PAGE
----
Soul-Making

Outside and inside, life and soul, appear as parallels in 'case history' and 'soul history.'

A case history is a biography of historical events in which one took part: family, school, work, illness, war, love. The soul history often neglects entirely some or many of these events, and spontaneously invents fictions and 'inscapes' without major outer correlations.

The experiences arising from major dreams, crises, and insights give definition to the personality. They too have 'names' and 'dates' like the outer events of case history; they are like boundary-stones which mark out one's own individual ground.

Case history reports on the achievements and failures of life with the world of facts. But the soul has neither achieved nor failed in the same way ... The soul imagines and plays - and play is not chronicled by report.

A love story is but an histoire, one of mille e tre, only the outer history of emotional events, like a crowd of yellow daffodils , unless it be recollected in tranquility, put through a psychological operation, such as the soul itself compels to - love letters, anxieties, poems, confidences, hazardous assignations, tumescent fantasies.

Dreams, visions, and feelings - so entirely inner and mine - have nothing to do with soul unless they oneiric fair, simply giveaways form the tunnel of love and the chamber of horrors unless they be put through the qualifying intelligence, the history-making of the psyche, sifted and weighted in the disciplined reflection of loving, of ritual, of dialectics, of an art - or of a psychological analysis with its therapeutic plot.
be recollected, recorded, entered into history. Inner images and feelings (so-called soul-stuff) are free for grabs, nightly at the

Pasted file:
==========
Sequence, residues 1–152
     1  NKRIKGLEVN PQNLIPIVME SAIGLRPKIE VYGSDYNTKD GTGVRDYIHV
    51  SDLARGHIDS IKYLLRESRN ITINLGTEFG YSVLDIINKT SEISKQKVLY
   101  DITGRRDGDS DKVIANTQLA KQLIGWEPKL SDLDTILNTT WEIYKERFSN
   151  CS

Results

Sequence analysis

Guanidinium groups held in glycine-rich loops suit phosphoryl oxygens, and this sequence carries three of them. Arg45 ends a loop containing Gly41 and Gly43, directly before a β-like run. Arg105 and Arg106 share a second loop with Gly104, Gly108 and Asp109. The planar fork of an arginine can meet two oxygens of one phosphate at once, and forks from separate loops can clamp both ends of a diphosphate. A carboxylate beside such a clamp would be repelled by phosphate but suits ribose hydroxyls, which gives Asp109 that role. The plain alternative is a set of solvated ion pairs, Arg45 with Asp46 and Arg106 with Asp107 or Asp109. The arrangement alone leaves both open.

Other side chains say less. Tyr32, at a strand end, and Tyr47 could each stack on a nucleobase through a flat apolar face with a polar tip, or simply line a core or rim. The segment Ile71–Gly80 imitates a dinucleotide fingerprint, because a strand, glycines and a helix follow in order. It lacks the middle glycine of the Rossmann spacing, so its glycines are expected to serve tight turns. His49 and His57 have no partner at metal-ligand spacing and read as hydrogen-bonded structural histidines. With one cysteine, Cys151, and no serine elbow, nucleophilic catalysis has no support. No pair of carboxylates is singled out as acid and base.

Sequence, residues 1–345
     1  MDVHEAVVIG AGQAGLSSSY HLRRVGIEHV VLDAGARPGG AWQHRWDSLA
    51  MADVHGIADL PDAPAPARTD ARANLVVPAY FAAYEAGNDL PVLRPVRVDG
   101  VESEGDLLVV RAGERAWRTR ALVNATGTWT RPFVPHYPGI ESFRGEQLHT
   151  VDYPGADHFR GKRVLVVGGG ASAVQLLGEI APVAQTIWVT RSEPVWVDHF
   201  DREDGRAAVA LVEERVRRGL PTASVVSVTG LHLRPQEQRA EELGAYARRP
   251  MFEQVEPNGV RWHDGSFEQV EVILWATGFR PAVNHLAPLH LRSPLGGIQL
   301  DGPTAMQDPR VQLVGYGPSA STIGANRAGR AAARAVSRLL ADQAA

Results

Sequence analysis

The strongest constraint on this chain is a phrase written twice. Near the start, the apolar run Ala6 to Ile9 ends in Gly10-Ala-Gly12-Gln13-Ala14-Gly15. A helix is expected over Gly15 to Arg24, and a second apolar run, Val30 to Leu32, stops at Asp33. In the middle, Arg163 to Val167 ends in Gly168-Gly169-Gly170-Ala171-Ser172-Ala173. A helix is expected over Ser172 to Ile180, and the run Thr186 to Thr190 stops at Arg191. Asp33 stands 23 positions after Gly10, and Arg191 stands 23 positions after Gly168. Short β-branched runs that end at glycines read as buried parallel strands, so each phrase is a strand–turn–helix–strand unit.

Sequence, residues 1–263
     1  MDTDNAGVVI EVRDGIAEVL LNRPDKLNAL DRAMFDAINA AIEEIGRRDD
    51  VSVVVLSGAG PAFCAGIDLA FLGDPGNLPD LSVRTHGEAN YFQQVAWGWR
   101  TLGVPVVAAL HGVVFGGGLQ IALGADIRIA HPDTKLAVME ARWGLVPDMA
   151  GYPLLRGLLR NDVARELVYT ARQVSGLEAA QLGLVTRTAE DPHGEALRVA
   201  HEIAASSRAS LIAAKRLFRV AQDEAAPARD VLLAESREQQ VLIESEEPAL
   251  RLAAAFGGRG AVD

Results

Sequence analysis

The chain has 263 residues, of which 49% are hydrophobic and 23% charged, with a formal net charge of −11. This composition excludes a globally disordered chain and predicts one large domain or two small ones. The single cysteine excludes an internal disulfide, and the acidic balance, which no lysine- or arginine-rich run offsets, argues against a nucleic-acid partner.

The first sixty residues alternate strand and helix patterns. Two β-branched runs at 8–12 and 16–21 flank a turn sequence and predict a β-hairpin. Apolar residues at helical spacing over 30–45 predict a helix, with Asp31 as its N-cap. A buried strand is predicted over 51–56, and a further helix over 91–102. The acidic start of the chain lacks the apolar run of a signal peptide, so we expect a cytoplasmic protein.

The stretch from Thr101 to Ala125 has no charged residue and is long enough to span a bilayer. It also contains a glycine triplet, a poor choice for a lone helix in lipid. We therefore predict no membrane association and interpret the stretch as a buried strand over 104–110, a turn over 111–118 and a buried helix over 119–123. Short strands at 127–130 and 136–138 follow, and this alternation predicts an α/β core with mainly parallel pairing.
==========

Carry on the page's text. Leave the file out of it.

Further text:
Outer means simply we are outside looking at it; it is closed in its factual literalism. This and this happened, and then this. Inner means we are taking it in; it is open to insight. Ingestion slows down the happenings for the sake of the chewing.

What we do not experience becomes only case material or world history, hastening the pace of events both in my soul and in the world. All haste comes from the devil, as an old saying goes, which psychologically means that one's devil is to be found in one's indigestion, in having more events than are experienced.

What we do experience by putting events through an imaginative process is taken off the streets of time and out of the ignorant sea of my mental turbulence. We beat the devil by simply standing still.

Or going backwards - regression belongs to the digestive mode of soul-making, so that a good deal of remembering, its pain, its shame, is recapitulation, revising the chapter again before it can close.

[James Hillman]
Healing Fiction, p.24, 27, 28

Related posts:-
Guiding Fiction
Memory Lane

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